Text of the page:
Friday, April 13, 2007

April 13, 2007 - The Stem-Cell Mess

Every once in a while, I have the uncanny experience of reading about myself in the news – not some story in our local weekly, but the national news. Today’s article doesn’t mention me by name, but I’m in there, nonetheless.

The article – an editorial in the New York Times – is about stem cells. I’ve long followed the stem-cell debate with great interest – long before I was diagnosed with cancer. It’s a fascinating case, from the standpoint of Christian ethics: rock-ribbed, inflexible moral absolutism vs. cutting-edge medical science that could save lives.

Which is the lesser of two evils? Destroying a frozen embryo that could – if implanted in a woman’s uterus – develop into a viable human being? Or, holding off on medical research that could result in life-saving treatments?

President Bush believes the first option is the worse evil. The Times editorial doesn’t mince words in saying how wrong the newspaper’s editors think he is:

“...one man, President Bush, and a minority of his party, the religious and social conservatives, are once again trying to impose their moral code on the rest of the nation and stand in the way of scientific progress.... The restrictions on federal financing have led to absurdly complicated and costly maneuvers. Scientists are forced to buy extra equipment and laboratory space with private money to perform off-limits research while using equipment and supplies bought with federal money on the permitted stem cell research. In a shocking example cited during Senate debate, a California researcher who had been cultivating stem cells in a makeshift privately financed lab suffered a power failure but was unable to transfer her lines into industrial-strength freezers in another lab because they were federally financed. Two years of work melted away because of this inanity.”

I said, just now, that I’m mentioned in this editorial – but only by implication. As a blood-cancer patient, I stand to benefit from stem-cell research, big-time. Every once in a while, that realization hits me like the proverbial ton of bricks. The anonymous patients who can benefit from stem-cell research are people very much like me: in fact, I am one of them.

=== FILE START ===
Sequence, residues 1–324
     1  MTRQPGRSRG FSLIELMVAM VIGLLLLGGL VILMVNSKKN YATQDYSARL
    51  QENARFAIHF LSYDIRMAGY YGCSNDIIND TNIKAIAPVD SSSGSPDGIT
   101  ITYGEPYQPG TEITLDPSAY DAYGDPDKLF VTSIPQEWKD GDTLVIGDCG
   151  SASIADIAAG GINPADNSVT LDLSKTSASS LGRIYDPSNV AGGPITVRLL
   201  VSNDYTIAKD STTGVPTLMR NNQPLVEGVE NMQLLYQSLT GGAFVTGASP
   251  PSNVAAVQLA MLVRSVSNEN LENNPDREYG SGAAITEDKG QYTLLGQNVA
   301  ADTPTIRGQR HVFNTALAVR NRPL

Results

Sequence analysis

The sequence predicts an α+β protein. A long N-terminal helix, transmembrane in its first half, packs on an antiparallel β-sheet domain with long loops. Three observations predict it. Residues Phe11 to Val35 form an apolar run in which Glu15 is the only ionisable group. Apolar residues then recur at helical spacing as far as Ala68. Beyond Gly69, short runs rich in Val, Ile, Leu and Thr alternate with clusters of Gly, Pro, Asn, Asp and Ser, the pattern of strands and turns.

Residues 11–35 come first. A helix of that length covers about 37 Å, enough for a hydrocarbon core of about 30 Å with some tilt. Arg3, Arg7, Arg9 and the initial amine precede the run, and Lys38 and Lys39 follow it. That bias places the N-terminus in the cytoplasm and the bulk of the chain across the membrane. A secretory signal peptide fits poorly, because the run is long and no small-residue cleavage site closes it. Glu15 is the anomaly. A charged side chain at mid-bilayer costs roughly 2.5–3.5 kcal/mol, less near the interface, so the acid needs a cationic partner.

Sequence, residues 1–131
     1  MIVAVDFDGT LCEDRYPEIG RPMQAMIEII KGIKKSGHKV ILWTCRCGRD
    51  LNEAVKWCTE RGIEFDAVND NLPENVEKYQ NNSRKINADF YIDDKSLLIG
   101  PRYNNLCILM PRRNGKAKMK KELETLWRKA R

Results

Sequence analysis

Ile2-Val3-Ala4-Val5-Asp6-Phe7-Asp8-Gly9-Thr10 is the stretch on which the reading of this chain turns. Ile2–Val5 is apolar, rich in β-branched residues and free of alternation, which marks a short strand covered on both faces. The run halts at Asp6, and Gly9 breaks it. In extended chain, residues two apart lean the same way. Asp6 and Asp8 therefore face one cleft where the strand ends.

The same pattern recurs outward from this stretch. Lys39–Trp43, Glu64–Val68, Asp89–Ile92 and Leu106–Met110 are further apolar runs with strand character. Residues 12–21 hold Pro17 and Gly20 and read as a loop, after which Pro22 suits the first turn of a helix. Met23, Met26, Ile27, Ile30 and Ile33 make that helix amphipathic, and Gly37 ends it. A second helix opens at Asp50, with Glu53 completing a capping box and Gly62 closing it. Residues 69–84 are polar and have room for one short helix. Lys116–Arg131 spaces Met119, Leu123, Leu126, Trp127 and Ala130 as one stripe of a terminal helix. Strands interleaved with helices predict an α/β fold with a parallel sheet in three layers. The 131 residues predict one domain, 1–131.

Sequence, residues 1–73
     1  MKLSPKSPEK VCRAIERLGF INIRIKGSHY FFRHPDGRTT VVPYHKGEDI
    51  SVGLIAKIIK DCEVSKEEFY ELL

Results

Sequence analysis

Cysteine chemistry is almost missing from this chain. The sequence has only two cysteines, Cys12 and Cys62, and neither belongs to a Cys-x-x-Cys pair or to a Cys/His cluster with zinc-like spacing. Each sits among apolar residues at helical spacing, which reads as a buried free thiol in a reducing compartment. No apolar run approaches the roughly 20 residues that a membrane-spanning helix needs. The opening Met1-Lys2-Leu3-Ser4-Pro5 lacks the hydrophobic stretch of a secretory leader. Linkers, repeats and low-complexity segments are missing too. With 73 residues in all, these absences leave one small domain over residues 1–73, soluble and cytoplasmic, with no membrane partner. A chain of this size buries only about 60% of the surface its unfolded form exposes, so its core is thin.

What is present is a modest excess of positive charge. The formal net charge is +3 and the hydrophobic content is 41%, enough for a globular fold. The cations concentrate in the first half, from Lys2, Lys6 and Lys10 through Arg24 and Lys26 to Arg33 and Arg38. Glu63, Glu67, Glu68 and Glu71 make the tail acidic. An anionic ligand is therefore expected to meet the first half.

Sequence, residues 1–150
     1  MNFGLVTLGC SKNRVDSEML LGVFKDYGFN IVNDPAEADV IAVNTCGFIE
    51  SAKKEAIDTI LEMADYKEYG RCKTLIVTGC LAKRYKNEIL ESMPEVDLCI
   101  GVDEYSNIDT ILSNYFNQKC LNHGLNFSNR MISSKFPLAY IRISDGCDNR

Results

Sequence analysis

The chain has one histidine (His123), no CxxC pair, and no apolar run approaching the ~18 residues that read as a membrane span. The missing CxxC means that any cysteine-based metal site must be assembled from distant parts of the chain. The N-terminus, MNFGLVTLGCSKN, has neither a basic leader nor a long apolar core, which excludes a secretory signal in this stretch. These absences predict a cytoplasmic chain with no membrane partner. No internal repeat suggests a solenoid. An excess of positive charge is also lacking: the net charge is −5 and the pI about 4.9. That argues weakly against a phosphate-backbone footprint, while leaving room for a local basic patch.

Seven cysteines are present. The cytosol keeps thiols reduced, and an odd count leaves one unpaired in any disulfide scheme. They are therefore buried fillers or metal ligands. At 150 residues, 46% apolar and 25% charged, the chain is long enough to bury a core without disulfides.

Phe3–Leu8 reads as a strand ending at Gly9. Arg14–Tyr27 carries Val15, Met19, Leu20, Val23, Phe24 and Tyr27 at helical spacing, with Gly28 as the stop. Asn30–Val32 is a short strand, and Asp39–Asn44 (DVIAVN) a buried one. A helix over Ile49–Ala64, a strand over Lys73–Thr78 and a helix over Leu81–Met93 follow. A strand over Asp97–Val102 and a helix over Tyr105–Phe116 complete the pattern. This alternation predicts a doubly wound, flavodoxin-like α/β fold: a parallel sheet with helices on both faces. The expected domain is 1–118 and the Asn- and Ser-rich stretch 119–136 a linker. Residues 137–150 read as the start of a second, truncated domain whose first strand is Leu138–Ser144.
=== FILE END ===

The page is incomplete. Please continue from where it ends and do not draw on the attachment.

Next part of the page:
Earlier today, I sat in the nurses' room at Dr. Lerner’s office, waiting for my monthly port flush. There were two elderly men sitting on either side of me, both there to get shots: one in his arm, the other in his stomach. What were the medicines they were receiving, through those hypodermic injections? Were they developed through cultures taken from stem cells? If so, were the cells harvested before the Federal research ban? Or did they come from one of the approved “lines,” that the Bush administration has determined can still be grandfathered in, under the law?

This isn’t some moral abstraction. There are lives that will be saved, if the restrictions on stem-cell research are dropped. Real, human lives. Maybe the lives of some of the people sitting beside me in the doctors office. Maybe even my life.

No, for me this is no abstraction. It’s personal.

4 comments:

Laura said...

Thanks for writing about this. My nephew is 15 and has type 1 diabetes. This is a very real thing for us as well.
My brother and sister in law tried to get pregnant a few years back but the embryos didn't survive. They felt so strongly that life starts at inception, even in a petrie dish, that they went to the lab, got their embryos and had a ceremony to bury them.
When I asked my brother about his feelings about this issue of stem cells he said that until he had Austin, my nephew, he would have said absolutley not. Now, he has no choice but to say ABSOLUTELY YES!!

Thanks for sharing your story here Great news about being in remission!

Stushie said...

Stem cell research isn't limited to embryonic stem cells. There are more efficient ways of obtaining them without using embryos.

If we concentrate on just embryos, we may be missing out on vital research employing other sources.

Bint Alshamsa said...

Stushie, if scientists are hindered from working on some types of stem cells, then we simply can not say for a certainty what would be the most efficient means of obtaining them. Some scientists are researching non-embryionic stem cells. However, these are the same scientists who need access to more cell lines to come up with a more complete picture of how these stem cells behave and what they are capable of.

So, if you care about stem cell research and you don't want millions of people to die and many millions more to suffer needlessly every year, then we need to give science the best chance of finding new cures and treatments.

Duane said...

Hi Carl,

Excellent blog! I've been following your progress for some time. Like you, I've battled lymphoma and am a news addict. I love posts about my cancer and current events as well. I received an ASCT for HD one year ago and am preparing for a 2nd transplant now.

I linked your site to my blog. Can you link my blog to your site too?

Wishing you continued health,
Duane
http://journalofaprizefighter.blogspot.com